Statutory safety net

17.3 The NES were introduced following significant consultation[2] to provide a ‘safety net which is fair for employers and employees and supports productive workplaces’.[3] The NES replaced the Australian Fair Pay and Conditions Standard (AFPCS)[4] and many of the entitlements under the AFPCS and then NES arise from a long history of test cases.[5]

17.4 As a result, amendment to the NES, for example to provide for additional leave, would involve a significant change to the Fair Work Act framework. With this in mind, the ALRC does not recommend that the NES be amended at this time.

Interaction with modern awards and enterprise agreements

17.5 The intent of the NES to provide 10 minimum and enforceable entitlements is in part reflected in the interaction between the NES, modern awards and enterprise agreements, the rules of which are outlined in s 55 of the Fair Work Act.[6]

17.6 The NES is designed to ‘lock in’ to modern awards and enterprise agreements:

It does this by including provisions that specifically allow awards and agreements to deal with specific issues. Modern awards and enterprise agreements can also ‘build on’ the NES by including terms that supplement, or are ancillary or incidental to, the NES.[7]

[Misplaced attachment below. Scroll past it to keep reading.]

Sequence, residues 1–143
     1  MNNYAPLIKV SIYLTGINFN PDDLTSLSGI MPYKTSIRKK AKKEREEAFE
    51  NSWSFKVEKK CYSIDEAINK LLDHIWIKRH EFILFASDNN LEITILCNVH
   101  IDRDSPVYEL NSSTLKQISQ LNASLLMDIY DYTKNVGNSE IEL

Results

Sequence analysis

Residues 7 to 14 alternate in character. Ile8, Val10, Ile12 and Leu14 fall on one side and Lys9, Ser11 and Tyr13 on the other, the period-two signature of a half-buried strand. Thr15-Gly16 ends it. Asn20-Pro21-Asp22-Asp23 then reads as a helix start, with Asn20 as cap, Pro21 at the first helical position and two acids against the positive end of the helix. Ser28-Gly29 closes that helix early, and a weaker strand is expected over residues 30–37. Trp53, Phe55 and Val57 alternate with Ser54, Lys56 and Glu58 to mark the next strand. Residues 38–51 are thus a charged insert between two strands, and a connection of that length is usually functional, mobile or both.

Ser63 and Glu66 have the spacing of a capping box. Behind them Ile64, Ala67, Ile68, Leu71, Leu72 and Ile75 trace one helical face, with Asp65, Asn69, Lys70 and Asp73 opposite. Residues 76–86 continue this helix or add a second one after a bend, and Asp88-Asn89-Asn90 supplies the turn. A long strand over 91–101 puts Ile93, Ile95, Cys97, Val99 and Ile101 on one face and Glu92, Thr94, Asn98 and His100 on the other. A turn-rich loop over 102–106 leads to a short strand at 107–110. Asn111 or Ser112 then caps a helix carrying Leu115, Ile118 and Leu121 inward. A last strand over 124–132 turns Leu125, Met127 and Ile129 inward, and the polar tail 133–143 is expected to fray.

17.7 The NES are an absolute legislative safety net that cannot be excluded or overridden by a less beneficial individual contract, enterprise agreement or modern award, other than as expressly allowed.[8] While there is no specific legislative rule about the interaction between the NES and contracts, it is governed by ‘well established principles’ including, for example, that a term in a contract of employment that is less favourable than a statutory entitlement is not effective.[9]

[2] Prior to the introduction of the NES, the Australian Government published an Exposure Draft, in response to which it received 129 submissions from stakeholders as well as engaging in broader consultations. The proposed NES were subsequently released on 16 June 2008. The Fair Work Act 2009 (Cth) retains the substance of the Exposure Draft, with some amendments.

[3] Explanatory Memorandum, Fair Work Bill 2008 (Cth), 25.

[4] Introduced by the Workplace Relations Amendment (Work Choices) Act 2005 (Cth) which amended the Workplace Relations Act 1996 (Cth).

[5] See, eg, ACCI, Submission CFV 19. See also J Murray and R Owens, ‘The Safety Net: Labour Standards in the New Era’ in A Forsyth and A Stewart (eds), Fair Work: The New Workplace Laws and the Work Choices Legacy (2009) 40–42.

[6]Fair Work Act 2009 (Cth) s 55.

[7] Explanatory Memorandum, Fair Work Bill 2008 (Cth), [233].

[8]Fair Work Act 2009 (Cth) s 55. Note, some provisions of the NES expressly authorise a modern award or enterprise agreement to deal with certain issues in a way that would, or might, otherwise be contrary to the NES. See, eg, Fair Work Act 2009 (Cth) ss 93, 101, 107(5).

[9] Explanatory Memorandum, Fair Work Bill 2008 (Cth), 207.